LinkedIn Redesign Targets Global Workforce with Bots and E-Learning
Aiming to "create opportunity for every member of the global workforce," professional networking site LinkedIn yesterday announced a redesigned look for its desktop app, a new online learning platform and smarter messaging capabilities with support for bot-enabled assistance.
The news comes a little over three months after Microsoft revealed plans to acquire LinkedIn for $26.2 billion, and less than a year after LinkedIn launched its flagship mobile app. The kickoff of LinkedIn Learning also comes on the heels of the company's acquisition of the online learning firm lynda.com last year.
CEO Jeff Weiner, product vice president Ryan Roslansky and other company executives unveiled the latest LinkedIn developments yesterday during a presentation that was streamed live from San Francisco. Weiner said the changes are aimed at helping LinkedIn's existing 450 million members and the rest of the global workforce succeed in the face of economic- and technology-driven challenges.
The Goal: 'World's 1st Economic Graph'
"We want to create opportunity for every member of the global workforce," which means providing help for more than 3 billion people, Weiner said yesterday. As part of that goal, LinkedIn aims to develop the "world's first economic graph," he added.
Ultimately, that entails having a profile for every one of the world's 3 billion workers and 60 million to 70 million companies, as well as offering a "digital representation" of every possible job and job skillset in the world, according to Weiner. It would also include a digital profile of every educational organization in the world.
Such an economic graph will allow all forms of economic, intellectual and human capital "to flow to where it can best be leveraged to help lift and transform the global economy," Weiner said.
LinkedIn's mission is aimed at the changes being brought about by advances in technology that are eliminating or displacing many types of jobs, he added. Weiner cited one prediction that estimates some 5 million jobs could be affected by such changes by 2020.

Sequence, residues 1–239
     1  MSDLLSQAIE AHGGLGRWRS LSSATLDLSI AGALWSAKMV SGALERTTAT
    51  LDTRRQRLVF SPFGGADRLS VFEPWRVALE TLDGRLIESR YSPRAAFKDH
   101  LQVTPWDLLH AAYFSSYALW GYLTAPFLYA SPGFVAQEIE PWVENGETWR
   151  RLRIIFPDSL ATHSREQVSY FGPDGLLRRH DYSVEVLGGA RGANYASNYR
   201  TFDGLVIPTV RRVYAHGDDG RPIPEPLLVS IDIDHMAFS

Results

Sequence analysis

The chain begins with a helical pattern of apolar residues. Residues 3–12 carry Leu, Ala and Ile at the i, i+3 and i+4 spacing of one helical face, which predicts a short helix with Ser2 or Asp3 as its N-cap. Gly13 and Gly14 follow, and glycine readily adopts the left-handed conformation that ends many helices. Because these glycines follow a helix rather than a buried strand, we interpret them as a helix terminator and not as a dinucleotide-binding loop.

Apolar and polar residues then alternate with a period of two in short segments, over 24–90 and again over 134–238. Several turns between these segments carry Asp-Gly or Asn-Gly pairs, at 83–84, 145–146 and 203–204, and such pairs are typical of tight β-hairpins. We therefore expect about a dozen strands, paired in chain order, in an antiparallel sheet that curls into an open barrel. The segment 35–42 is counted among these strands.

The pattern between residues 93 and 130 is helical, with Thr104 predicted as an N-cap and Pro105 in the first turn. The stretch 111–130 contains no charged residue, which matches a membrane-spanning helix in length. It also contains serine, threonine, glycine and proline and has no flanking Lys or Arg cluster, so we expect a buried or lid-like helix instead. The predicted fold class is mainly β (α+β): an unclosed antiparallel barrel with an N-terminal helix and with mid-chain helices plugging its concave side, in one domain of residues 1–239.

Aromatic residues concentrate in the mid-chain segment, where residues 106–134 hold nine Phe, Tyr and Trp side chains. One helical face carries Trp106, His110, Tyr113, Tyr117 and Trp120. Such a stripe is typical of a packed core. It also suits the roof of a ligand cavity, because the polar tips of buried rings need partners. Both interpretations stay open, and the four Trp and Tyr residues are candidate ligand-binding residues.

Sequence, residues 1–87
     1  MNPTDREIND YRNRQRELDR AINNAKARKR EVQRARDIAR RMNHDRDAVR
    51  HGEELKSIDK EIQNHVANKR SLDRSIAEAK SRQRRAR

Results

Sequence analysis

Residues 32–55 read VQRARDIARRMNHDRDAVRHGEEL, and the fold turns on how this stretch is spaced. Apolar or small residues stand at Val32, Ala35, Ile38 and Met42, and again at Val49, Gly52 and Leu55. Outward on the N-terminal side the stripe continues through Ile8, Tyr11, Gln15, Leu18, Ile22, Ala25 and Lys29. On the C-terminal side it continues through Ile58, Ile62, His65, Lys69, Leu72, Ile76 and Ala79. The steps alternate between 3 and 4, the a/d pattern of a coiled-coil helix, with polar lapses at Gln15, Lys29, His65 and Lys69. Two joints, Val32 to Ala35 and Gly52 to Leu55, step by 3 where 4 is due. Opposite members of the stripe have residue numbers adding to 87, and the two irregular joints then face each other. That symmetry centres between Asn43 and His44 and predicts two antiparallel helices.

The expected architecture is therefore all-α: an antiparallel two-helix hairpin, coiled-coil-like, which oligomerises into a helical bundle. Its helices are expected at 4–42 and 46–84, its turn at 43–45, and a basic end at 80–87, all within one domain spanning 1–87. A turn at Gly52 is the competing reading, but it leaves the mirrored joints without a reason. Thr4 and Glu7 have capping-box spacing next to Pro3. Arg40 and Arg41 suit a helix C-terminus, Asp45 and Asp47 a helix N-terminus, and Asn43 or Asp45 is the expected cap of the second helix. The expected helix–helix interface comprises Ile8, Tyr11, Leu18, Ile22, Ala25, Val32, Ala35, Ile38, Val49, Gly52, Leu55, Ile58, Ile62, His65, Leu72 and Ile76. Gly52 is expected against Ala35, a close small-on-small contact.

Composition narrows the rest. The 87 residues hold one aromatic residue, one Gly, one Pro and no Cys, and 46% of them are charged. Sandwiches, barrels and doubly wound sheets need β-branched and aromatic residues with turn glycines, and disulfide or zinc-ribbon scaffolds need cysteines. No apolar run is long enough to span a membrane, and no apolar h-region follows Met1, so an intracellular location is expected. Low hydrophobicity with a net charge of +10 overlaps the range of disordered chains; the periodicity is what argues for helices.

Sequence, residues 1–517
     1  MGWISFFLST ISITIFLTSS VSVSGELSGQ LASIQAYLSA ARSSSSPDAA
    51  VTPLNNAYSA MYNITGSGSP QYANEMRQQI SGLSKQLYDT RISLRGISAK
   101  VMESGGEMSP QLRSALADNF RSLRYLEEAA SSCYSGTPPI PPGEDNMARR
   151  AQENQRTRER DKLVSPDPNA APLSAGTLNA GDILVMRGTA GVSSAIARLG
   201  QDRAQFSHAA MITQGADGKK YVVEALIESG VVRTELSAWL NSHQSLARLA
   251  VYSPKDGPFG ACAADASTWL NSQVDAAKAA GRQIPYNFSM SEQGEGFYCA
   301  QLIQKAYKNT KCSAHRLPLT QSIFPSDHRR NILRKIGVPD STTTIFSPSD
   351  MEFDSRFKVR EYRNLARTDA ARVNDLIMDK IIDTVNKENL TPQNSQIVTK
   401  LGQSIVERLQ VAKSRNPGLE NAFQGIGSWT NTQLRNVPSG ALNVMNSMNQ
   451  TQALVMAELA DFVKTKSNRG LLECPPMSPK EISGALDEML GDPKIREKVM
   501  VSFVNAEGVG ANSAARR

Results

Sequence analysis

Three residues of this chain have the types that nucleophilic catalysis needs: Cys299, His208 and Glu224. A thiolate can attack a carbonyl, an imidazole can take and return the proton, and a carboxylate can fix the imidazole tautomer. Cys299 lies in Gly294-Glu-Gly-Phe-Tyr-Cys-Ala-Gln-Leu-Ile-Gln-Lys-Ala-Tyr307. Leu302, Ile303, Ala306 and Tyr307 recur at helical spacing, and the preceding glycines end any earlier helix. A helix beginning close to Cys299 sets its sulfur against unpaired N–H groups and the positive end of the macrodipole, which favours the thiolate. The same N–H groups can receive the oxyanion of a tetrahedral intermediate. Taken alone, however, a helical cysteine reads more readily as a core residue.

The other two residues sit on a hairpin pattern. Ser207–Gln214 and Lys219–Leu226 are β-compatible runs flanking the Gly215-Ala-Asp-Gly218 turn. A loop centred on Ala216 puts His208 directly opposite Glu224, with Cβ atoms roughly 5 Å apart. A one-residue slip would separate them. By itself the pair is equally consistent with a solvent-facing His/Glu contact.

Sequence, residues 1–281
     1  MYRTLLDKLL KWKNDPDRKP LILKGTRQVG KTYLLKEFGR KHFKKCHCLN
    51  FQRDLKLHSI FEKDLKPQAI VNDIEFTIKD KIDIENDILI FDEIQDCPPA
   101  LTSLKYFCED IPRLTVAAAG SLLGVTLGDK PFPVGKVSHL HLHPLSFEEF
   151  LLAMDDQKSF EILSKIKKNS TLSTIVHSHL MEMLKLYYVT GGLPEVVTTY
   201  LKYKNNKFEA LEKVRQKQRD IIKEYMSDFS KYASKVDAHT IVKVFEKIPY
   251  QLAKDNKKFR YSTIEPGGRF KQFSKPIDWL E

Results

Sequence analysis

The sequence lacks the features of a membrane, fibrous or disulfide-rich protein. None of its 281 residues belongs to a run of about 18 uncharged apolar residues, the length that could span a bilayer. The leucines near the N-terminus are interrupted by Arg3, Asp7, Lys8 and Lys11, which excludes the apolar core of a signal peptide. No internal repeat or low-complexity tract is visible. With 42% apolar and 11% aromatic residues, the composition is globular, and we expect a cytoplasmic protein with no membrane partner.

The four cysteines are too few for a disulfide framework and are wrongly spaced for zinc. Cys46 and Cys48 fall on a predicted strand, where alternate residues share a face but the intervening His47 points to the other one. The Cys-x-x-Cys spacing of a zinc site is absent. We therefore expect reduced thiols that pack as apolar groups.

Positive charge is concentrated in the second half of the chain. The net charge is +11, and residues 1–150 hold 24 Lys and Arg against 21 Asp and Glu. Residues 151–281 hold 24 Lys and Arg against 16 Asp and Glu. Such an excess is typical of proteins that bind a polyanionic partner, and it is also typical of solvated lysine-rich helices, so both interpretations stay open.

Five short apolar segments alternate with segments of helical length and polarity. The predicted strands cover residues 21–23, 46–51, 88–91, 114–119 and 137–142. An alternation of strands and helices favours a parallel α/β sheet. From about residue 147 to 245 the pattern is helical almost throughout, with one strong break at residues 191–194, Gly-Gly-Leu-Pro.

Messaging Bot a 'Personal Concierge'
The changes introduced this week build on the innovations rolled out with last year's updated mobile app, Roslansky noted in a blog post.
"Since our new mobile app was introduced last year and the rehaul of our messaging platform, we've seen a 240 percent increase in the number of messages sent, and half of our active members are using our messaging platform every week," he said. With the changes now coming to LinkedIn's desktop platform, the company is also previewing a new messaging bot technology.
"How often do you wish you had a personal concierge or an assistant to help you identify and schedule a time that works for a meeting?" Roslansky asked in his post. "We believe this combination of bots and messaging on LinkedIn could be game changing and will something our members can use daily."
In addition to the redesigned desktop and messaging capabilities, LinkedIn is bringing new educational opportunities to members through LinkedIn Learning (pictured above). The educational platform includes a library of more than 9,000 digital courses for business, technology, creative skills and languages, and offers personalized recommendations based on users' profiles. Courses will be offered in easily-viewed, "bite-sized segments" that can be accessed at any time and from any device, Roslansky added.